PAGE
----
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expands Hudson Service facility
Transit Maintenance Manager Big Blue Bus Santa Monica, CA
Get your PMI kit together Scheduled PMI and parts kits offer a solid solution to minimizing downtime and waiting on parts. Big Blue Bus runs 196 transit buses. We needed to enhance our preventive maintenance inspections by reacting less and focusing more on pre-planning and forecasting. When our maintenance and warehouse staff put together a new program to reduce our number of road calls, the number of buses on hold waiting for a part diminished significantly. A similar plan to identify parts before they fail would benefit any shop and help the entire organization operate more efficiently. Revisit past work orders to review what parts should have been replaced before they fail and cause a breakdown. Conduct a life-cycle analysis of key parts and components to determine the intervals at which they fail. Choose a day to forecast and schedule time to hold vehicles for preventive maintenance inspections (PMI). Alert the parts department of the vehicles on hold, so theyâ€™ll know in advance of PMI, based on mileage intervals, what key components to target for replacement. Assemble the necessary parts in a kit for delivery on the date for the scheduled repairs.
C ON T EN T S 4
At your service, New York City
Approach maintenance from both sides of the garage door
ABC Companies expands Hudson Service facility to offer expertise and convenience to all operators
By Robert Buchwalter
Brake check in real time, all the time Electronic monitoring
addresses the CVSA
By Chad Robinson
Architectural elevation from DiCara/Rubino Architects shows the conversion of Hudson Body to ABC Companies.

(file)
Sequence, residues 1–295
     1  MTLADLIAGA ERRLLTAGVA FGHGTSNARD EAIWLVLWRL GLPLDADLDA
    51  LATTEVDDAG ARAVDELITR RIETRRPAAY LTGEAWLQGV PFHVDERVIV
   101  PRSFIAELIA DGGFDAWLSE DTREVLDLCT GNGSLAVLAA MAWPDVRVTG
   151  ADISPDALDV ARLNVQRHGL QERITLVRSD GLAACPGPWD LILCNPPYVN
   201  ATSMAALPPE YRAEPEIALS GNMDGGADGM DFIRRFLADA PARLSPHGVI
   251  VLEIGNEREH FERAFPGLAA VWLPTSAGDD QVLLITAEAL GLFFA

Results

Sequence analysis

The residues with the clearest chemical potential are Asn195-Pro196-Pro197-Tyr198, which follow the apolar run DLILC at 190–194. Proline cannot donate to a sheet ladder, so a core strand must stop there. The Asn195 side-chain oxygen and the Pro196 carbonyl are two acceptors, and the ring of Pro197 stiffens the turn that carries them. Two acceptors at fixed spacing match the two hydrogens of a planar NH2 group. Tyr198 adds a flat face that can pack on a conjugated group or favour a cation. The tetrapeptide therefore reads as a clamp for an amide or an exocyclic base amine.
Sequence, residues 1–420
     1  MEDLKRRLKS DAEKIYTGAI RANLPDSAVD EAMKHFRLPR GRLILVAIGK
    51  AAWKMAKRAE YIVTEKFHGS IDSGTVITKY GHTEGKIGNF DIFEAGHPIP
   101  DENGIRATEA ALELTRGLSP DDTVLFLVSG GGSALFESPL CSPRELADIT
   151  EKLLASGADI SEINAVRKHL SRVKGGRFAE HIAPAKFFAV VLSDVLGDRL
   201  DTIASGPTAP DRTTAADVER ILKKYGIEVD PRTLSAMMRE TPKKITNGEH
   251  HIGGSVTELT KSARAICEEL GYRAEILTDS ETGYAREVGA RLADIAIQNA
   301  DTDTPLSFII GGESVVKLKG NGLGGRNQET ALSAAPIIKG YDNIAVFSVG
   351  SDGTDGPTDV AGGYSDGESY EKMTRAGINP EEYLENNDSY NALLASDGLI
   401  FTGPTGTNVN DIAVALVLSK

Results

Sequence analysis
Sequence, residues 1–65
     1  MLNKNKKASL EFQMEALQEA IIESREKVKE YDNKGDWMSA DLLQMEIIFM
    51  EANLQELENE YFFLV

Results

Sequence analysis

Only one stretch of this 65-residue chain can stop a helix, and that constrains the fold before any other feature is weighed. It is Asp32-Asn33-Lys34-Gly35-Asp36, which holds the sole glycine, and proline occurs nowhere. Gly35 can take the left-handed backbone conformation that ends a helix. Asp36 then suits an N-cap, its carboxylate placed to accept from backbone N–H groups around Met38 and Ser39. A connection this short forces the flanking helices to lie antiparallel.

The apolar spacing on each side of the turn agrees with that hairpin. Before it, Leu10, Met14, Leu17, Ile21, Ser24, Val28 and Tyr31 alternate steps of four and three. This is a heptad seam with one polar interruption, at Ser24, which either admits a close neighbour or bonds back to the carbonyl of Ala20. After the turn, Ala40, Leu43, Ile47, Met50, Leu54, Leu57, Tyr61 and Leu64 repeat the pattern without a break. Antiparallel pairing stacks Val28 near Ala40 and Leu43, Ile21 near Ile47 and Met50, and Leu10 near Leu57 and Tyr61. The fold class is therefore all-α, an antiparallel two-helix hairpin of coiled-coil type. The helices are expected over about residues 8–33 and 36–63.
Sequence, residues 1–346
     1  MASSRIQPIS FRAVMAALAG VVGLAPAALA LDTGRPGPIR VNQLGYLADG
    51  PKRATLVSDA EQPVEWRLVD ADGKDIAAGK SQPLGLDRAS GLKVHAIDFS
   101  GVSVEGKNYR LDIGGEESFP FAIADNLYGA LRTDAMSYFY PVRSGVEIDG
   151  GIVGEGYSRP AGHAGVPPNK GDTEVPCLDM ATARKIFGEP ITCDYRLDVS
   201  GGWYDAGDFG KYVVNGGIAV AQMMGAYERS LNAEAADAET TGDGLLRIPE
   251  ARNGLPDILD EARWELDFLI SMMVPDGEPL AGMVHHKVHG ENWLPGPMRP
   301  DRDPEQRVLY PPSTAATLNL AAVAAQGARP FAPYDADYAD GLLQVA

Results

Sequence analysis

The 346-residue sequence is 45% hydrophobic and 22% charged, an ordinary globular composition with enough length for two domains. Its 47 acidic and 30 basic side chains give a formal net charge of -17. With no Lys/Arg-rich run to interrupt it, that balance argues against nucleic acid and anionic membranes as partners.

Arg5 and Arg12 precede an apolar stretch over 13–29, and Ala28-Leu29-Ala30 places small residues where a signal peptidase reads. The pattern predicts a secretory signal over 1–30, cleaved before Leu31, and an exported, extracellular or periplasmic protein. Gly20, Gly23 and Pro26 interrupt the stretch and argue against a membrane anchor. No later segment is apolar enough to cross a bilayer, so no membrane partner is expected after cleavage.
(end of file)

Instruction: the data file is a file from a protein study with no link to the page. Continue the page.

At your service, New York City
ABC Companies expands Hudson Service facility to offer expertise and convenience to all operators By David Hubbard What vehicle maintenance facility wouldn’t need a bit touching up at age 66? The once family-owned Hudson Body that has served bus and coach operators in the Jersey City, NJ, area since 1947 is no different. ABC Companies, Faribault, MN, finalized its purchase of this venerable full-service body repair business in November 2011 and is now undertaking a significant facelift and expansion to best serve one of highest-traveled corridors nationwide. The company says it has broken ground and will remain open for business during the project. Upon completion later this summer, the ABC Companies Hudson Service facility will feature nine bays, paint booths and portable lifts to accommodate operators of small, medium and large bus fleets and provide a more inclusive service and parts operation.
“We’re excited to have a facility this close to New York City,” says Dane Cornell, president and CEO, ABC Companies. “We can offer more expertise and convenience to customers in the Northeast Corridor with services focused on helping operators maintain peak fleet operations.” Situated in the tri-state area, between the Holland and Lincoln Tunnels on Routes 1 and 9, the convenient central location welcomes customers in the New York metro area and surrounding region. The range of services include general bus and body repairs, major and minor collision repairs, as well as manufacturer warranty work. While the facility initially utilized 10,000 square feet of shop space, the expansion will grow the space to 17,000 square feet with 5,000 square feet reserved for the full-service parts inventory. The expansion also includes a modern customer lounge area featuring Wi-Fi, cable and vending. The finished facility will house five service bays to provide fleet maintenance, preventative maintenance, warranty work and all heavy equipment repairs. Additionally, the company is adding three 45-foot body prep bays, a 65-foot paint booth for bus and truck fleets and a full wash and lavatory dump area.